Friday, February 18, 2011

ECONOMY - The G20 goes to agriculture

Known for his obsession with culinary perfection, France has decided to make food a priority of the meeting of G20 finance ministers held in Paris on 18 and 19 February. Largest producer of cereals in Western Europe, this country wants to fight against soaring global food prices by improving market transparency.

Among the solutions presented, are the limiting positions [purchases or sales] taken by some traders on the futures markets, the regulation of trade conducted outside formal markets and publication of the profile of investors. "We must regulate this market, otherwise it is the law of the jungle, the fittest," said Nicolas Sarkozy last month.

Ministers from member states of the G20 - which brings together key developed and developing countries - are also thinking about how to improve transparency in agricultural markets, including the publication of information on global supply and improving mechanisms for crop forecasting. Many governments, however, are hardly enthusiastic.

Major agricultural powers like the United States, Canada and Brazil opposed any increased regulation, while some financial centers, such as the United Kingdom, fear a drop in transactions. "The regulation [of contracts] in commodities is not the solution," said Amado Boudou, Argentine Economy Minister, after meeting with Brazilian Finance Minister Guido Mantega.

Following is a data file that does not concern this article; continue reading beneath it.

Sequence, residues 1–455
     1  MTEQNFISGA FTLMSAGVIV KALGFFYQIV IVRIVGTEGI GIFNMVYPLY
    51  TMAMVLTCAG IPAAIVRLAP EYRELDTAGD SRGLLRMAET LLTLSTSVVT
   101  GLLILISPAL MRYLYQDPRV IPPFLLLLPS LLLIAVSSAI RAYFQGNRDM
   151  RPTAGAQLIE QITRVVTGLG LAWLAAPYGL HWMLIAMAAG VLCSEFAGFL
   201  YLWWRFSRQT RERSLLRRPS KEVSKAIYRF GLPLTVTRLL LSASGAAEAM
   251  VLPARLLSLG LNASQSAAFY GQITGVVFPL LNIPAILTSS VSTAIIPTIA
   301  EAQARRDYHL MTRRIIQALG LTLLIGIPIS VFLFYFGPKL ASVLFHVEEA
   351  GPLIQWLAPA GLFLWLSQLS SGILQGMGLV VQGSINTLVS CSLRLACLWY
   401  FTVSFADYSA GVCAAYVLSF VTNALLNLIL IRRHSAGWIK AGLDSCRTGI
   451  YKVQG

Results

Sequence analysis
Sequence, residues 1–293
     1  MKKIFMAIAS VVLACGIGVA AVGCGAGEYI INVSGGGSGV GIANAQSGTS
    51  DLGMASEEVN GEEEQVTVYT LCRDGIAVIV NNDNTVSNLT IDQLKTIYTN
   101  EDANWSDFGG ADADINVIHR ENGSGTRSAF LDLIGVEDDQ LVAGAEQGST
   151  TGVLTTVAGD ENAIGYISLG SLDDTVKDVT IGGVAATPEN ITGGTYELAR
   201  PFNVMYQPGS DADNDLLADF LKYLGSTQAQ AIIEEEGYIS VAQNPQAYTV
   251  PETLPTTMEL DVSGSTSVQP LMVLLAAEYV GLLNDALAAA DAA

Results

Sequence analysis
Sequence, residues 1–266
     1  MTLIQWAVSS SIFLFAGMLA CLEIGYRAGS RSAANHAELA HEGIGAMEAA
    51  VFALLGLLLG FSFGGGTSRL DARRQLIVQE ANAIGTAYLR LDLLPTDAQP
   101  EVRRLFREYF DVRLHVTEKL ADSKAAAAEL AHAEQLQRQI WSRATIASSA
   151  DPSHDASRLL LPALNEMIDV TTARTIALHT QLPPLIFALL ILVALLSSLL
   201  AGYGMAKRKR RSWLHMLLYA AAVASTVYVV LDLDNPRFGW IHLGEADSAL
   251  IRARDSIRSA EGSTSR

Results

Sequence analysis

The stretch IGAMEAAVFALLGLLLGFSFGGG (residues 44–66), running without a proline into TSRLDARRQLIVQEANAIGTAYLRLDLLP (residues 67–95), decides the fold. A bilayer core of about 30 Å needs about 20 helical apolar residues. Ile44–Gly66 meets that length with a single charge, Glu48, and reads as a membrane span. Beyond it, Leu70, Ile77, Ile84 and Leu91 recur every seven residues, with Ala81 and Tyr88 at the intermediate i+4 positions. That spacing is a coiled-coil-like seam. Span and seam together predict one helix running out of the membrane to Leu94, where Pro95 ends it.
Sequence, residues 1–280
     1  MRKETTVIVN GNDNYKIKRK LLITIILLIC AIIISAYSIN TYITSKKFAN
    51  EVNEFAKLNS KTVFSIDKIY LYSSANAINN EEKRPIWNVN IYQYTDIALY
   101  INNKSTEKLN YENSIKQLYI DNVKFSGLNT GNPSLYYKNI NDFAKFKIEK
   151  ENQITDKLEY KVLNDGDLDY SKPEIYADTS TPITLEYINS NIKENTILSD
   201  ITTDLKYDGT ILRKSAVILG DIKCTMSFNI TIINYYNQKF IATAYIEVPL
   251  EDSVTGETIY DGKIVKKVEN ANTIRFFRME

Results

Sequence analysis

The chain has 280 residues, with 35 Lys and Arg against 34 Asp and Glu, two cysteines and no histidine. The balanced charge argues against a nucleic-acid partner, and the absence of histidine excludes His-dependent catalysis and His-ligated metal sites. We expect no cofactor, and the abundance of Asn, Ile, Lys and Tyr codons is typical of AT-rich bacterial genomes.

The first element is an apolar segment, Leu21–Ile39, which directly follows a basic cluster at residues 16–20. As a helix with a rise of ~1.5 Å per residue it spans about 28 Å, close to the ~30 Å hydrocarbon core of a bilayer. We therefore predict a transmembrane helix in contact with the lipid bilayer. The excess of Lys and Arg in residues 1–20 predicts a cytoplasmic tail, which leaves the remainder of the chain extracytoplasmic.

The solution lies in the increase production. " For its part, Washington is in favor of greater market transparency and the limitation of potential manipulation, via, inter alia, a more rigorous control of the positions of traders. But the U.S. government, the current rise in food prices was mainly due to the imbalance between supply and demand.

Even some French officials have begun to lower the tone. Christine Lagarde, finance minister, said in a recent interview that Paris would focus now more transparency than regulation. According to her, "we will fix a number of problems through better access to information." The debate about the speculation on agricultural markets has intensified with the rise in prices.

The food price index of the World Bank, which rose 15% between October 2010 and January 2011, is less than 3% to record level in 2008. According to this organization, the rising cost of food has tipped 44 million people in poverty since last June. For now, however, no study to establish a direct link between speculation and price hikes.

"Speculators are always an easy target but they did not cause the rise in food prices in the second half of 2010, said Paul Conway, vice president of U.S. giant Cargill grain. Plus you have different types of actors who use derivatives markets, the more they reflect the real value of agricultural commodities.

" But at a time when poverty and hunger threaten so many people in the world, some observers argue the contrary, it is time to tackle rising prices. "Given the serious implications of this on people's lives, take precautionary measures, even if we do not yet have a complete view of the problem," said Marita Wiggerthale, a specialist in agriculture and trade for the charity Oxfam.

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